Deanna Rolffs has worked in education in West Michigan for over twenty years (18 years as a consultant with the Kent County Intermediate School District, and 5 years with Partners in School Innovation), which made her an excellent choice to educate G-RAP about the history of education-related racial discrimination in Grand Rapids -- to show us how we arrived at the education system we currently have.
Partners commits to 5-7-year partnerships with individual schools, supporting them with curriculum and assessment, as well as with issues of race, glass, and gender inequities. They take the time to help individuals understand not only systemic racism and oppression, but also their own implicit and explicit biases and how those can play out in the classroom. Roloff said, "We help primarily white teachers who primarily serve students of color understand how we, as educators, can perpetuate those biases." Through this work, she says, "We can develop the building blocks to lead them toward a more equitable system in which more of us are together."
She invited the pastors to walk around the room and explore the timeline she'd installed on the walls. The timeline was adapted from Todd Robinson's 2012 work, A City Within A City: The Black Freedom Struggle in Grand Rapids, Michigan. Since the pastors in the room and in G-RAP are from different backgrounds, and many are relatively new to Grand Rapids, she wanted us to start from the same position of knowledge: "What we're experiencing now is all of our history, whether we directly experienced it or not."
For reasons of space, we've focused on the directly education-related entries, but there was so much more about lack of job possibilities, racism in entertainment options, and housing discrimination. Here are selected entries from the timeline:
1910-1940 First Great Migration: 1.6 million black southerners moved north. The black community in Grand Rapids grew from 665 in 1910 to 2,795 in 1930.
July 4, 1925, Independence Day: The Junior Order, women of the Klan, and Klansmen marched unmasked throughout the streets of downtown. Grand Rapids. City ordinances placed minimal restrictions on KKK parade demonstrations.
1920s Grand Rapids Social Club (GRSC) provided a place for black women to engage in political discussions and freely express their views, as they were banned from women's organizations in white community and exiled from leadership in the male-dominated GRNAACP. Topics included "The Negro Woman's Contribution to History," and, "The Unpublished History of the Negro Versus the Published."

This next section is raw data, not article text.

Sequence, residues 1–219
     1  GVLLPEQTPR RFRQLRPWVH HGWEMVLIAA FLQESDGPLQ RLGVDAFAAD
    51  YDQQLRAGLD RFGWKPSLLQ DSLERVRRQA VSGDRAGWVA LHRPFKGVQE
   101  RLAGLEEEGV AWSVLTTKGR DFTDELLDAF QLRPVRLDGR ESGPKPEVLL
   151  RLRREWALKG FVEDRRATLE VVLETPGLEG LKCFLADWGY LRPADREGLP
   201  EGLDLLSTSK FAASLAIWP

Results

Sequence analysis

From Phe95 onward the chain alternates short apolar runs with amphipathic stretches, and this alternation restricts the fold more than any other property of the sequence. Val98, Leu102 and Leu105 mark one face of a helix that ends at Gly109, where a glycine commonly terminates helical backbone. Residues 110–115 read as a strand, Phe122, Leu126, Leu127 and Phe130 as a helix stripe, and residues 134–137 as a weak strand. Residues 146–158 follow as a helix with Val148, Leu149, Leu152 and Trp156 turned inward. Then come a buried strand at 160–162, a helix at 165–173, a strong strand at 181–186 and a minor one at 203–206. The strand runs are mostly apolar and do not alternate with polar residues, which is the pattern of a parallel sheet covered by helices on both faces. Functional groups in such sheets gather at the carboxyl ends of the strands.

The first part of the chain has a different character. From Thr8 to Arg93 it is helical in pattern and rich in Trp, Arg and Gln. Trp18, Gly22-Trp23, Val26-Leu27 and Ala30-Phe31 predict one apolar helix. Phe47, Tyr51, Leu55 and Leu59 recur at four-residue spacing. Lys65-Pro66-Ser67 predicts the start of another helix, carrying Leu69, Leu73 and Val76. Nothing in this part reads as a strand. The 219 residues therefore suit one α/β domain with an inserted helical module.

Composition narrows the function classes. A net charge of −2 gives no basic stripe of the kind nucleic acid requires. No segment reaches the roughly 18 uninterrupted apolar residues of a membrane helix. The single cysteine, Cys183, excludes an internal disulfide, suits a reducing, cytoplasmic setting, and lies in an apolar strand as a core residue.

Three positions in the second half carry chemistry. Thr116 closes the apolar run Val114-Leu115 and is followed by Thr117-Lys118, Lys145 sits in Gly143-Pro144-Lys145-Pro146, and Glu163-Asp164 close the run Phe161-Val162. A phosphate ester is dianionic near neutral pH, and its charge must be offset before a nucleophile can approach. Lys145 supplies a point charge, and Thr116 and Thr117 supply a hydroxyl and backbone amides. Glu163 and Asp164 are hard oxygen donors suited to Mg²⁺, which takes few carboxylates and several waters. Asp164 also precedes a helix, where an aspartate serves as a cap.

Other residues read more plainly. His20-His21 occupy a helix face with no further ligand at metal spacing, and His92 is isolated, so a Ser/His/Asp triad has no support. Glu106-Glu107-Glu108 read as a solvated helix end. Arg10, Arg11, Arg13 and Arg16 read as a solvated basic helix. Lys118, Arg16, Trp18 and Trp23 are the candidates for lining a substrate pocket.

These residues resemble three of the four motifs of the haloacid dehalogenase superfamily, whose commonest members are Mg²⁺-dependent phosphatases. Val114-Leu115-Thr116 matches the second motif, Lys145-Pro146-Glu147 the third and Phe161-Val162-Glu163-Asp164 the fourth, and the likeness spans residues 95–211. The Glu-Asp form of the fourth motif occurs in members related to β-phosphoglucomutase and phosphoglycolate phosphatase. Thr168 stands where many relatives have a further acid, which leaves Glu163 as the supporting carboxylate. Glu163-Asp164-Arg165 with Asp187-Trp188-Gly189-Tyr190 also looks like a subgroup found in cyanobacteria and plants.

1949-1950 The number of black children in Campau area schools (Henry, Franklin, Sheldon, and Vandenberg) increased from 280 to 836. By 1950, 91% of all black elementary students in the district were enrolled in these four schools. At Henry School, the addition of 80 black students, combined with the departure of white students to other districts or nonpublic schools, meant that it went from 38% to 80% black. This represents the beginning of the shift from integrated classroom experiences to racially isolated learning environments and fewer resources for "inner city" schools.
Following the Depression and 25 years of no new school construction, the Reavis Study lists Campau Schools as the first building priority, but school board officials decide to build new schools at the periphery of the city. A special school tax raises $10 million, which builds 16 new schools: 14 in the growing suburbs (e.g., Alger Heights), and 2 in the city center.
1950s Grand Rapids School Board establishes selective geographic attendance zones; this allowed white parents near Henry to send their children to Congress and Hillcrest. GRNAACP pressured School Board members to make boundary adjustments: "We believe that 8 years of overcrowding at Franklin and 6 years of overcrowding at Sheldon and Vandenburg means that nearly 2,000 children have been denied an opportunity to gain a sound elementary education in healthy school surroundings." The School Board "studied" the issue for 11 years and continuously voiced a belief in racial equality and equal opportunities, but failed to take any remedial action.
1965 South High, where Gerald R. Ford attended, was the district's elite school in 1957. By 1965, the student population had shifted from predominately white to roughly 1,037 black students and 945 white students -- their reputation shifted to being a "tough school." Parents voiced concerns that the "Board of Education and its staff have failed to make South High School an outstanding example, locally and nationally, of what can be done to make both White and Negro families proud of the school and proud that they live in a community that practices racial tolerance."
White teachers in Kent County routinely requested and were granted transfers out of integrated schools.
November 16, 1966 400 black students from South High walked out to protest the “good grooming” policy that forbade facial hair. The next day, for the first time in Grand Rapids’ history, several black parents quietly protested outside the school with signs that read, “This is Michigan Not Mississippi.” This sparked significant debate in the city (including a WOOD TV editorial calling on protester to control their "animal element"), and on December 1, 1966, the facial hair ban was rescinded.